Kimberly M. Blaeser
Kimberly M. Blaeser (born 1955) is a Native American poet and writer enrolled in the White Earth Band of the Minnesota Chippewa Tribe. She was the Wisconsin Poet Laureate 2015–16.
Kimberly Blaeser was born in 1955 in Billings, Montana. Being of German and Anishinaabe Heritage, she grew up the White Earth reservation.
Blaeser was named Wisconsin Poet Laureate for 2015–2016 on January 7, 2015, by the Wisconsin Poet Laureate Commission. She resides in rural Lyons Township, Wisconsin. Blaeser works as Professor of English at the University of Wisconsin–Milwaukee, where she teaches Creative Writing, Native American Literature, and American Nature Writing.
Her first book of poetry, Trailing You, was awarded the 1993 Diane Decorah First Book Award from the Native Writers' Circle of the Americas, and she was the first critic to publish a book-length study of the fiction of her fellow White Earth Ojibwe writer, Gerald Vizenor. Her work is widely anthologized and has been translated into several languages, including Spanish, Norwegian, Indonesian, and Anishinaabemowin. Blaeser has performed her poetry around the globe, having given readings of creative work at over two hundred different venues in a dozen different countries, including performances at the Borobudur Temple in Indonesia and in a Fire-Ceremony at the Borderlands Museum Grounds in arctic Norway.
Blaeser is active in service to literature, the arts, and social justice. She currently serves on the editorial board for the American Indian Lives series of the University of Nebraska Press, and for the Native American Series of Michigan State University Press. She has served on the advisory board for the Sequoyah Research Center and Native American Press Archives, on the Poetry Fellowship Panel for the National Endowment of the Arts, and has been a member of the Native American Alumni Board for the University of Notre Dame. Most recently, Blaeser initiated the Milwaukee Native American Literary Cooperative which helped to bring 75 Native American writers to Milwaukee for the 20th Anniversary Returning the Gift Festival of Native Writers and Storytellers in 2012 and continues to sponsor events each year.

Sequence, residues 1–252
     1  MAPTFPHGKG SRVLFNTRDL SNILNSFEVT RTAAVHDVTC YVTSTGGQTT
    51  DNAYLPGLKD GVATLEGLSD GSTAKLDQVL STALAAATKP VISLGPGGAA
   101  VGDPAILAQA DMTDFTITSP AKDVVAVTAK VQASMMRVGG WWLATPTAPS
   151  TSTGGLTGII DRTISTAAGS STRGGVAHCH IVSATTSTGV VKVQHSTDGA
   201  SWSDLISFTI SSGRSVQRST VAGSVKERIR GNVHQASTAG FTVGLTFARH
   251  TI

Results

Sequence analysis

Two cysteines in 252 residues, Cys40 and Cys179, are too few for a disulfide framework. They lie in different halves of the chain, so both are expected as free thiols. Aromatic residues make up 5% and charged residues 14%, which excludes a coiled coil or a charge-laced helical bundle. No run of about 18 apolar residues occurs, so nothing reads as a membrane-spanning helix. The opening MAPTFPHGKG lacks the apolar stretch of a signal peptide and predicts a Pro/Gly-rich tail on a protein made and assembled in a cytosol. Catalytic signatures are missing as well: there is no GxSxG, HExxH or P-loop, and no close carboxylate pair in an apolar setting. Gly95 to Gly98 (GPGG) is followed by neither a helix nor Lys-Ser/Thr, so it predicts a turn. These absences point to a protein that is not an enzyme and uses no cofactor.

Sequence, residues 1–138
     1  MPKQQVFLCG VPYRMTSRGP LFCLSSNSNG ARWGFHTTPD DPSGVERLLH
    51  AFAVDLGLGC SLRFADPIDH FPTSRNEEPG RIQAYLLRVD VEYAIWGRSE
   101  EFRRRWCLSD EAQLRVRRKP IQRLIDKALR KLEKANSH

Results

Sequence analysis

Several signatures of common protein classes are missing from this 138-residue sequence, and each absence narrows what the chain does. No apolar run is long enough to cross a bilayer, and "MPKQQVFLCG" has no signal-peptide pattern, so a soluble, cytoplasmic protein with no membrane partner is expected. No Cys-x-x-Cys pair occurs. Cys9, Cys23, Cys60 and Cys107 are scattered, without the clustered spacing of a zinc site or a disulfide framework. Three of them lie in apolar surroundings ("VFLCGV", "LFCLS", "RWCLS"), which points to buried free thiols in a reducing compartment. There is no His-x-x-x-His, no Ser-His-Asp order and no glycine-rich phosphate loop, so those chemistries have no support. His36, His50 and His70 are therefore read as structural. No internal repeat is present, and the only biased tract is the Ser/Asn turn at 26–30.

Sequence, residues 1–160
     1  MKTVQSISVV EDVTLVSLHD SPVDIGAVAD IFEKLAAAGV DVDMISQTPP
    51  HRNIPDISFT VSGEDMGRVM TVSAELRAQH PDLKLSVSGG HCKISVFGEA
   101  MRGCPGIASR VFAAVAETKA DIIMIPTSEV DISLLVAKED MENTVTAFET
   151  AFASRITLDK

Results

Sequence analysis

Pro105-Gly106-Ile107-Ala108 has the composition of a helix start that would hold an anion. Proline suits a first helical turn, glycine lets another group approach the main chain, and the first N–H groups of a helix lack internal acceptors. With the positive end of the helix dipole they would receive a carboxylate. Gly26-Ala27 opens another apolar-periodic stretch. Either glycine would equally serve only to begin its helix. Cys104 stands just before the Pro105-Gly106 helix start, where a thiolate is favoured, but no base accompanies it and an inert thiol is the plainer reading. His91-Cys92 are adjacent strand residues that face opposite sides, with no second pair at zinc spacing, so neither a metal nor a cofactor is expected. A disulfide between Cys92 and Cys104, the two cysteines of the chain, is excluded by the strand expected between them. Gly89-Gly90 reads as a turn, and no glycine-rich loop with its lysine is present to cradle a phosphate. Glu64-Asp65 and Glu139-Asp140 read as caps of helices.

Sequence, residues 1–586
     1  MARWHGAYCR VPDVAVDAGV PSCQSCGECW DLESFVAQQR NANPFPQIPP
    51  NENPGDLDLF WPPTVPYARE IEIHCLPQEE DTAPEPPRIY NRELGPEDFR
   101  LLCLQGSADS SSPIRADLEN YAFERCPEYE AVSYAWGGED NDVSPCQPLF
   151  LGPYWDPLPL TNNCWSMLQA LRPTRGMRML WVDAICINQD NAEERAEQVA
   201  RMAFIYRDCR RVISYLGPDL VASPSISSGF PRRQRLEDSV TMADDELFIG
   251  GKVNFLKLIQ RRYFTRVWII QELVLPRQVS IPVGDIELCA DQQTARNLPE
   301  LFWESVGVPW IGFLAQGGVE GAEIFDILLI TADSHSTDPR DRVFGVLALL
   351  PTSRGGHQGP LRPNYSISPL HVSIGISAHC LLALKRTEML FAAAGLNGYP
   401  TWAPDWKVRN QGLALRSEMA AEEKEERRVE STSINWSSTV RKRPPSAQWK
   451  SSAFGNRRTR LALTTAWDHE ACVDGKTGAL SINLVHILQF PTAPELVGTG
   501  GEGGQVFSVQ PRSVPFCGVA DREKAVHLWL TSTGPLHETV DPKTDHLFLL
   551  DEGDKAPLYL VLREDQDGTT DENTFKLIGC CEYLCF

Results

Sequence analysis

- Apprenticed to Justice. Salt Publishing, 2007.
- Trailing You. Greenfield Press, 1994 (First Book Award for Poetry, Native Writers' Circle of the Americas)
- Absentee Indians and other Poems
- Learning, At Last
- This Cocoon
- Two Haiku
- Copper Yearning. Holy Cow! Press, 2019.
- "On Mapping and Urban Shamans", in As We Are Now: Mixblood Essays on Race and Identity, edited by William S. Penn. University of California Press, 1997
- Gerald Vizenor: Writing in the Oral Tradition. University of Oklahoma Press, 1996.
- Stories Migrating Home. Edited and introduced by Blaeser and including her short story "Fancy Dog Contest." Loonfeather Press, 1999.
- "Like 'Reeds through the Ribs of a Basket': Native Women Weaving Stories", in Other Sisterhoods: Literary Theory and U.S. Women of Color, edited by Sandra Kumamoto Stanley. University of Illinois, 1998.
- Native American Literatures: An Encyclopedia of Works, Characters, Authors, and Themes. Kathy J. Whitson, 1999.
- Ghost Fishing: An Eco-Justice Poetry Anthology, edited by Melissa Tuckey. University of Georgia Press, 2018.
- Thanku: Poems of Gratitude, edited by Miranda Paul, illustrated by Marlena Myles. Millbrook Press, 2019.
- Official Wisconsin Poet Laureate site
- Official Kimberly Blaeser site
- Kim Blaeser from Voices in the Gaps
- Salt Publishing - photo, biography and excerpts of recent work
- ^ a b "Kimberly Blaeser". Wisconsin Poet Laureate Commission. Retrieved 5 February 2020.
- 1955 births
- Living people
- Ojibwe people
- Native American poets
- University of Wisconsin–Milwaukee faculty
- American people of German descent
- American women poets
- Writers from Billings, Montana
- Poets from Montana
- Poets Laureate of Wisconsin
- 20th-century American poets
- 20th-century American women writers
- 21st-century American poets
- 21st-century American women writers
- Native American women writers
- 20th-century Native Americans
- 21st-century Native Americans
- 20th-century Native American women
- 21st-century Native American women
- American women academics